A few weeks back Walmart quietly added a new product to their website - caskets. That's right, I said caskets -- as in where dead people sleep. I know that all things vampire are the hottest thing these days (Twilight, True Blood) but with Walmart now involved I think we can declare that death has officially jumped the shark.
So why would Walmart.com enter a space that's traditionally been left to funeral homes and the Adam's family? I suspect one of two things has happened. Either Walmart did a marketing study and found that the Goth community is terribly underserved or they realized that death was the one stage of life that they had yet to monetize. After all, not everyone registers for a wedding or needs a garden hose, but everyone dies. A product becomes hard to resist when everyone needs it at some point.
To be fair, Walmart is following Costco.com's lead on this. Costco.com added caskets to their product list two years ago. More recently Costco started featuring caskets in store. I don't know about you, but nothing gets me in the mood to buy a 160 oz jar of mayo like a nice coffin.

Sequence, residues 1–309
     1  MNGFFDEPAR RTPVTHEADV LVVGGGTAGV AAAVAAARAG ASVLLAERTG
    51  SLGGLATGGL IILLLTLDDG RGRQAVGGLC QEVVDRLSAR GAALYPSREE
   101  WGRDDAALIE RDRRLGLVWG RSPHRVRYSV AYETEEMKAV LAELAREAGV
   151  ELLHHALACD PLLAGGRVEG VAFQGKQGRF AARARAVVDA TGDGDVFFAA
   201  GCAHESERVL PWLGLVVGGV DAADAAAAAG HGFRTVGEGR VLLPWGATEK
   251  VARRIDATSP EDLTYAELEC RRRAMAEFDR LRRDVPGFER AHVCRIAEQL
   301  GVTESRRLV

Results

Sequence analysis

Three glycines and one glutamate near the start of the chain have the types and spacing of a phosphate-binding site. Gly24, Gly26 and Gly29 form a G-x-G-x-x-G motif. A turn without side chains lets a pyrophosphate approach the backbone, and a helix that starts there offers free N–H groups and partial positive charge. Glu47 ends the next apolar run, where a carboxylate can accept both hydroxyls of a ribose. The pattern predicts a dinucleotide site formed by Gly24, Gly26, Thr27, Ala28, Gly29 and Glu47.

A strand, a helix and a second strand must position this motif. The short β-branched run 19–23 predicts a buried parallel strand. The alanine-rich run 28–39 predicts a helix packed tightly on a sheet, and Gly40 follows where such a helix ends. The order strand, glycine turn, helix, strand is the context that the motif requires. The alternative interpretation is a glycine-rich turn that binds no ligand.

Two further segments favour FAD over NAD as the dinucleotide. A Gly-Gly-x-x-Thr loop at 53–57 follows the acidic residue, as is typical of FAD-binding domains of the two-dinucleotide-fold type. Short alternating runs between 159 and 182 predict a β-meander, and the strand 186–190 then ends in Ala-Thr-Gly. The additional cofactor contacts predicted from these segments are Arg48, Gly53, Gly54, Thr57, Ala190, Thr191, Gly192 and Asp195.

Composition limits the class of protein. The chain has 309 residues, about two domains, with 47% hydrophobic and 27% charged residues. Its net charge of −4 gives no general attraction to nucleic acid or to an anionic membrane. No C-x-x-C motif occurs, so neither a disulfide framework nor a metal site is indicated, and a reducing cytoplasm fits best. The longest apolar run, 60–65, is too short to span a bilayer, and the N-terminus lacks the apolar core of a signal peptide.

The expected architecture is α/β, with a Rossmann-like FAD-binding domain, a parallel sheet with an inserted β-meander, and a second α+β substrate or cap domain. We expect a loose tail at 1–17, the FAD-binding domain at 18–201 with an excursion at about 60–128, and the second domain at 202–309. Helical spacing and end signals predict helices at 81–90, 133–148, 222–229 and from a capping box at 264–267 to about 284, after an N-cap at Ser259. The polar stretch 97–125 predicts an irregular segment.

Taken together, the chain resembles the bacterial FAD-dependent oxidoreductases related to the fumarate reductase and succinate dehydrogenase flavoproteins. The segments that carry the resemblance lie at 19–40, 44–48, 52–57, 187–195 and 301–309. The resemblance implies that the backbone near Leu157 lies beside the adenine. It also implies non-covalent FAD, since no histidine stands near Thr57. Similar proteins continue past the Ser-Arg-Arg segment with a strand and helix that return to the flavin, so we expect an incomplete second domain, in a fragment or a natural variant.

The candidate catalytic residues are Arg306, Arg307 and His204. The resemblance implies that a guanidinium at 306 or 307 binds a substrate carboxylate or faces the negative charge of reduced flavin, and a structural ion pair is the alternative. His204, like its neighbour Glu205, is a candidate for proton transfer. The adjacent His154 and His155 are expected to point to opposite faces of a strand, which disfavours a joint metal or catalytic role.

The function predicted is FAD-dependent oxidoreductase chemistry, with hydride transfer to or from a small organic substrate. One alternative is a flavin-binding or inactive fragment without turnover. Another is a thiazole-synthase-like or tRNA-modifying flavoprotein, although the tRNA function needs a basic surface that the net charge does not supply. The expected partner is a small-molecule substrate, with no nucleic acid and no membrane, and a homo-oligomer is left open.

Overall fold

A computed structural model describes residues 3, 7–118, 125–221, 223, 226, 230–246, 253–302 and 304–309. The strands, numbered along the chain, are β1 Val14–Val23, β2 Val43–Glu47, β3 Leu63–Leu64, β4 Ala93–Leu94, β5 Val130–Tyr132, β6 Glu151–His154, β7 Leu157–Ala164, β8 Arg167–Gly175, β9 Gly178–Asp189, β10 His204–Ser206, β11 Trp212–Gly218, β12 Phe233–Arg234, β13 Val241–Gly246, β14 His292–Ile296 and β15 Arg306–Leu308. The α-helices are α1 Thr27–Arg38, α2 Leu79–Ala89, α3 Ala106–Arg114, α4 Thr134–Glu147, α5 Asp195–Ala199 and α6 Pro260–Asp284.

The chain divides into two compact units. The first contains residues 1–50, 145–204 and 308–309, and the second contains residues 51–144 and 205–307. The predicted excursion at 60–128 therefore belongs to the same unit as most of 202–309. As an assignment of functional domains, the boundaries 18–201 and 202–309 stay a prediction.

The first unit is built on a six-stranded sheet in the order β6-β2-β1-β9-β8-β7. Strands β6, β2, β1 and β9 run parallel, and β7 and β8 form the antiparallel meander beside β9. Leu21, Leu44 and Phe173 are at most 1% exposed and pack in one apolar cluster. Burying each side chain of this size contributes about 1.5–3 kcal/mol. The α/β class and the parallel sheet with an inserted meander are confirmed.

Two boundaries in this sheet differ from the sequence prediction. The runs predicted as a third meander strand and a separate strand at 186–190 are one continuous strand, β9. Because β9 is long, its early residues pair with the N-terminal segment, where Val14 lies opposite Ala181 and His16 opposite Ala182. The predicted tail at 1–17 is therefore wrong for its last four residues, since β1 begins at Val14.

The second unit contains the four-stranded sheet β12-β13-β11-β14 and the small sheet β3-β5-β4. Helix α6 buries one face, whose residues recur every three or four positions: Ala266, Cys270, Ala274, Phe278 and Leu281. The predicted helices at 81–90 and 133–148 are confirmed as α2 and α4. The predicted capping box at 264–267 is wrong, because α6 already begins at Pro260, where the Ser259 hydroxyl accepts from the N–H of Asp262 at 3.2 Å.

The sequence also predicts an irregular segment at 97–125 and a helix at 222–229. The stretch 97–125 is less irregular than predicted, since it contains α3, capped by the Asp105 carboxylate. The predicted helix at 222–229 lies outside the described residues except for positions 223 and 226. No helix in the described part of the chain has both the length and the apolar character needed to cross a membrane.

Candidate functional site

Never to be undersold or outdone, Walmart had no choice but to get in the game. Is there really anything wrong with America's biggest discount retailers dealing in death? I suppose not. After all, if the product is defective or the materials are asbestos laden your customers certainly won't be calling to complain. The only real hiccup is how to offer something so creepy without it appearing to be so, um, creepy.
Seeing as how this is a pretty sensitive marketing issue, I thought I'd check out both sites and do a little comparison shopping. I must say, Walmart.com has come out of the gate strong. They have a larger selection (fourteen coffins to Costco.com's seven) with prices starting at under $1,000. Quite a nice range too, with one model titled (I kid you not) "Executive Privilege" and another adorned with The Pieta and The Last Supper.
As for creepiness, they're both doing a super job. Costco.com's FAQ page asks "Can you order a casket for pre-planning purposes?" (the answer is "yes"), while Walmart.com places their coffins in the "For the Home" section. Maybe they should consider changing their tagline to "Save money. Die better."
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